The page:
“I can’t wait to quarantine!” Said no one ever, except maybe me to a few San Diego friends this last month.
This quarantine has actually been delightful. I just spent a week in a wonderful woodsy setting that made me miss nothing about being able to go out in the world (see photo below). The path of wet leaves and rustling cedars on the property made for beautiful outings, and inside I had four seasons of The Crown to binge watch while I had access to Netflix.
Today, I switched places for the second half of my two-week isolation, necessitated by the fact that I came back a week early and couldn’t go immediately to the quarantine spot I originally booked—the spot that had me, honest to goodness, telling friends how I couldn’t wait for the chance to quarantine.
Why? Drum roll, please, and settle in for a little background. Earlier in the year, I got the urge to write a play. It’s done now, and I was looking around for an idea for a second one. There is a very active theatre culture here in Victoria, and what looks like a lot of support for playwrights. I thought perhaps it would be good to find a topic that might resonate well here, but more important, suit the kinds of female-centered stories I love to write.
“How about Emily Carr?” I asked myself. Emily Carr (1871-1945), for those outside Canada, is one of the most important 20th century Canadian artists, who along with Lawren Harris and the Group of Seven, defined a uniquely Canadian approach to painting. The fact that few outside Canada have heard of her is the fault of their schooling, not her achievement. Probably the closest equivalent among American artists would be Georgia O’Keeffe.
Her most acclaimed works focus on the vanishing world of the indigenous people of coastal British Columbia, including many powerful representations of totems in their context. It’s her paintings of forest interiors that to me are her true masterpieces, though, capturing the life force and spiritual energy of the forest. There isn’t room here for more than one example, but please look her up and gorge yourself on her work!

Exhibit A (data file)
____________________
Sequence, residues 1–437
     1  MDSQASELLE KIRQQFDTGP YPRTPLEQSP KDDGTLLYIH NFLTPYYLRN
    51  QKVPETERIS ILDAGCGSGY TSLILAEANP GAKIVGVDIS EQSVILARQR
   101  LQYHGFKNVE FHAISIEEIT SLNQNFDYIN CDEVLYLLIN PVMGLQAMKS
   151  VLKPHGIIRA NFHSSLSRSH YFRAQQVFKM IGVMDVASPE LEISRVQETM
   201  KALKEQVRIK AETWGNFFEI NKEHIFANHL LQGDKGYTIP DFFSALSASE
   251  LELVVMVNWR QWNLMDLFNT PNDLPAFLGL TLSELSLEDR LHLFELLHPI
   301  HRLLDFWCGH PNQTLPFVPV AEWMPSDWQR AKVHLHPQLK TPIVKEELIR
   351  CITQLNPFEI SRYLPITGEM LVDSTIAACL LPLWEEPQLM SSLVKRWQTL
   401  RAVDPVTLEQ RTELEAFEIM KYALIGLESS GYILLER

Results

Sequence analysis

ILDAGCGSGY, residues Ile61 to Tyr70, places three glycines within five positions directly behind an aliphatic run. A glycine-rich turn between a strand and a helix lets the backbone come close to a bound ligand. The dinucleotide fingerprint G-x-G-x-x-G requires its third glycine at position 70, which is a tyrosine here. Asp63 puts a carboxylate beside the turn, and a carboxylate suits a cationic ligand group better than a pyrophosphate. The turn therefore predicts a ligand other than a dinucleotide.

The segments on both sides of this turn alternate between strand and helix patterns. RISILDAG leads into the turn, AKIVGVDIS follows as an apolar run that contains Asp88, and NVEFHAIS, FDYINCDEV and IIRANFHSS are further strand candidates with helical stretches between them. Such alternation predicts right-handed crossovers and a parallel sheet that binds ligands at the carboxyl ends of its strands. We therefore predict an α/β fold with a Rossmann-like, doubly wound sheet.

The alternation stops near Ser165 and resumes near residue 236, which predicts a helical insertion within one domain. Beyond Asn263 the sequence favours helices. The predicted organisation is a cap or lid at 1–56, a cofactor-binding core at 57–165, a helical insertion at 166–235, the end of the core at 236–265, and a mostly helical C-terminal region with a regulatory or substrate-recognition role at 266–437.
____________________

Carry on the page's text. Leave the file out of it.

Emily received little recognition even in Canada until she was in her fifties and for a number of years ran a boarding house to make ends meet. I came up with an idea for a trilogy of one-act plays set in this boarding house, and focusing on the transition points women go though in life. As I began to think through how this play might work, I looked up what years she had been running the boarding house, to know exactly how old my character would have to be. To my surprise, I saw a link to a site offering rental lodging there. Excited, I wrote to the agent, asking if by any outside chance there was anything available the first half of December, and he wrote back saying he was sorry, but the only thing available was Emily’s studio. Sorry??? Emily’s studio???
And now here I am, for two weeks in the space she custom built for herself on the second floor over the rental units. There’s a wall that is almost all window, with an empty easel next to it (in background of this photo) where she struggled to paint in her vanishingly little free time When she was here, the whole place would have been crowded floor to ceiling with canvases, animal cages ( she kept quite a menagerie, including a cherished monkey, Woo) but now it is a tidy, shabby-chic little nest, with mostly period furniture of the sort that might have been buried under all her clutter.
I felt a change come over me as I settled in, almost a metabolic slowing, so that all I want to do right now is sit and stare out the window. I’ve set up my laptop in a small day room overlooking the street, but work can wait. I am living in the room where my play is set. I can act it out as I write, see the door the actors will come in through, sit in a chair where she will sit, see her at her easel, sleep in her bedroom. The words will come. Maybe she will too.